I have spent less time in early childhood pre-schools than at higher age and grade levels, so it was a treat to learn from Erin Carey at the pre-school division of Mt. Vernon Presbyterian School in Atlanta. What I saw was not only a huge leap beyond the color-and-paste days of my own pre-school days; it was a remarkable picture of how student-owned learning can flourish at even the youngest grade levels. I frankly never thought I would see a day when three-year-old children were designing their own learning directions, but that is where we are and where the promising future of K-12 learning is leading.
Mt. Vernon has created a unique blend of Regio-inspired student-owned learning and early childhood design thinking. One classroom of three or four year-olds had self-selected “ice cream” as a major theme of study; another “cars”, and a third “the water pump out in the playground”. They were learning foundational literacy and numeracy around these themes, but much more. They went on observation walks, drew sketches of what they found, and collaborated on idea maps with the help of teachers who actually know how to spell and draw. A parent came and showed them how to change a tire and then left a spare tire in the room so they could play with the lug nuts. They went on a field trip to Cold Stone to see how ice cream is made AFTER having learned about how ice cream is made on their own study path.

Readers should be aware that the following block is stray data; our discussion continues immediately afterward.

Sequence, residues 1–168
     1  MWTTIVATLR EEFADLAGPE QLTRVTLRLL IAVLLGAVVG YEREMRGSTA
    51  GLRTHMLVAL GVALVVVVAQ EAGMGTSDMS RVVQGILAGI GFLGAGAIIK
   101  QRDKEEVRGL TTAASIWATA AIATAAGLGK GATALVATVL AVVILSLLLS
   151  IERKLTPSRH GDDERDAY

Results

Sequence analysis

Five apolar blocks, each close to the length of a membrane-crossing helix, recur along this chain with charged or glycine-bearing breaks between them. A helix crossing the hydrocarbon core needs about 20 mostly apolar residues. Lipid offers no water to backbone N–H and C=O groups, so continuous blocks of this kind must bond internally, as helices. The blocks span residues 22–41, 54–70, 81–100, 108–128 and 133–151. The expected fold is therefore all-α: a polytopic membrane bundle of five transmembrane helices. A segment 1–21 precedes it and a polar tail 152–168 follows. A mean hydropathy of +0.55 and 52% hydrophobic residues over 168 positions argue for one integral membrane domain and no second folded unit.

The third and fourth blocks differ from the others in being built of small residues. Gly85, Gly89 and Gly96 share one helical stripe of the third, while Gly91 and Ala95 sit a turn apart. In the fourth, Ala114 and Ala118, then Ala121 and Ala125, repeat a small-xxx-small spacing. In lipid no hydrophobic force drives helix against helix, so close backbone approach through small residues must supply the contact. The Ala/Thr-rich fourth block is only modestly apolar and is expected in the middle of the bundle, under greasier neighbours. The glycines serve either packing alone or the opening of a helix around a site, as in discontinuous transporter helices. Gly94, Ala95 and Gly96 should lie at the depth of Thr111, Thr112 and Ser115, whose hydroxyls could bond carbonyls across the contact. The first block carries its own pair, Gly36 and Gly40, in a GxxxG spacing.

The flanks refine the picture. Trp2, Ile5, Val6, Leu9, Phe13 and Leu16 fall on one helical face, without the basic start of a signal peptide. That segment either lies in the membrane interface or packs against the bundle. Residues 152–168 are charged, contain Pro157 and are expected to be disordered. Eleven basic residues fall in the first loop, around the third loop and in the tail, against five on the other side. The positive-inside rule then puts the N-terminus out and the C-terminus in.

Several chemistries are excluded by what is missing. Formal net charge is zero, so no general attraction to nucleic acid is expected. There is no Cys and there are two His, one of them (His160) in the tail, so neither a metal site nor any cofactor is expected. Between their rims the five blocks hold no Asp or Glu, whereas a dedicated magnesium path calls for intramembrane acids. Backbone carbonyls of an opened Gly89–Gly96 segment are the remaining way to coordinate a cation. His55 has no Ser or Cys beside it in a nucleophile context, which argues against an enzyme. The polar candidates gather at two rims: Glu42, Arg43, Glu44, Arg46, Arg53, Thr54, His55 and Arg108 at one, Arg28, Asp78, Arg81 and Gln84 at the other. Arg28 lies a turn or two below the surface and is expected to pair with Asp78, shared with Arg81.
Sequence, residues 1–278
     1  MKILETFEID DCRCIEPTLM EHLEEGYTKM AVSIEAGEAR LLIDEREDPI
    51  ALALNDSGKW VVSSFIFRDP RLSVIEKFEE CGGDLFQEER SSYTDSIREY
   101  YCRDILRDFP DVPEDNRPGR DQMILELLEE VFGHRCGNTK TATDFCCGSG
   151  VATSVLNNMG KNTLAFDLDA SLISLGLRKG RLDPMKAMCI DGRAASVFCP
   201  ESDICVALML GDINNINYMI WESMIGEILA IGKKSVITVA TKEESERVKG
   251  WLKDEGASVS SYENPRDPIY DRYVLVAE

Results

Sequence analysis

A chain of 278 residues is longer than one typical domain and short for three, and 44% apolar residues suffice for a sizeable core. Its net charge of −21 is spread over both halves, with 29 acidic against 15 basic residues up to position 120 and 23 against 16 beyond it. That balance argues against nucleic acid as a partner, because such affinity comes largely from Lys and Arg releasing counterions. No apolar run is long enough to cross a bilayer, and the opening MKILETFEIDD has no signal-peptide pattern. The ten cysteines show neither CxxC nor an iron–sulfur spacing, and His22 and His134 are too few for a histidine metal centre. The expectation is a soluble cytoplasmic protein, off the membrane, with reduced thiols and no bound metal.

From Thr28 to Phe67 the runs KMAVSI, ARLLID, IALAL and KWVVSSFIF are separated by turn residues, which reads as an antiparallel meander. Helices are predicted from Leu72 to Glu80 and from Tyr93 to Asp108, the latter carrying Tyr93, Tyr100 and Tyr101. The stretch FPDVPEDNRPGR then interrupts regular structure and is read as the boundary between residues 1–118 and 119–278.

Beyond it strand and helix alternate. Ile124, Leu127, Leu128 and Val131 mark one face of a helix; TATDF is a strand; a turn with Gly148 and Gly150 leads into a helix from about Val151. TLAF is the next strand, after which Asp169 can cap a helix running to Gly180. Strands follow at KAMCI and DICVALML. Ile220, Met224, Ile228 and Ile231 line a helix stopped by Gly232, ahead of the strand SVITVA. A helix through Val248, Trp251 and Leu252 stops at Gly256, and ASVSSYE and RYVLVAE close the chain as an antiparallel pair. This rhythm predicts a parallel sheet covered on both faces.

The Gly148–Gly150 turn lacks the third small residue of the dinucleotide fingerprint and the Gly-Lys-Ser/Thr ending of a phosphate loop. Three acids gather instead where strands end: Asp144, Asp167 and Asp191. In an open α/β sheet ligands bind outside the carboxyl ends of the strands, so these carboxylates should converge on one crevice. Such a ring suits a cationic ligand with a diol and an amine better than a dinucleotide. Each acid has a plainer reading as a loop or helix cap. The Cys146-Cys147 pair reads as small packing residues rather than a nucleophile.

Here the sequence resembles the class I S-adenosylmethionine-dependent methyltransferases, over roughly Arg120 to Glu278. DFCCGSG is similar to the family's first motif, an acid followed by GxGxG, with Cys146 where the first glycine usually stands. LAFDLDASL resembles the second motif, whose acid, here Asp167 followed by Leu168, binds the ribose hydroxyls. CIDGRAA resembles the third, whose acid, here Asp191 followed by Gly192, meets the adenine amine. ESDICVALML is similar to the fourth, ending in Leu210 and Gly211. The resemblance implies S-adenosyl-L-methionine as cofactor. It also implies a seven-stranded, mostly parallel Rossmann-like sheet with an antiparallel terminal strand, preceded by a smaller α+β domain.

Erin told me about the time that one class of four-year olds, having studied the water pump, invited the two-year-olds from down the hall in to listen to a panel discussion (yes, the kids were the panel), and then ask questions and play with the pieces of PVC and other odds and ends they had gathered in making their own pumps.
I am not an expert in early childhood, but I can’t help but believe that these kids are getting a set of mind-tools that go way beyond learning letters, numbers, and how to write clean letters with a pencil. There are no iPads or other technology involved, at least as far as I saw. This is just laying a very strong foundation for the kinds of skills we claim to value: creativity, observation, synthesis, collaboration, communication, and taking ownership of learning.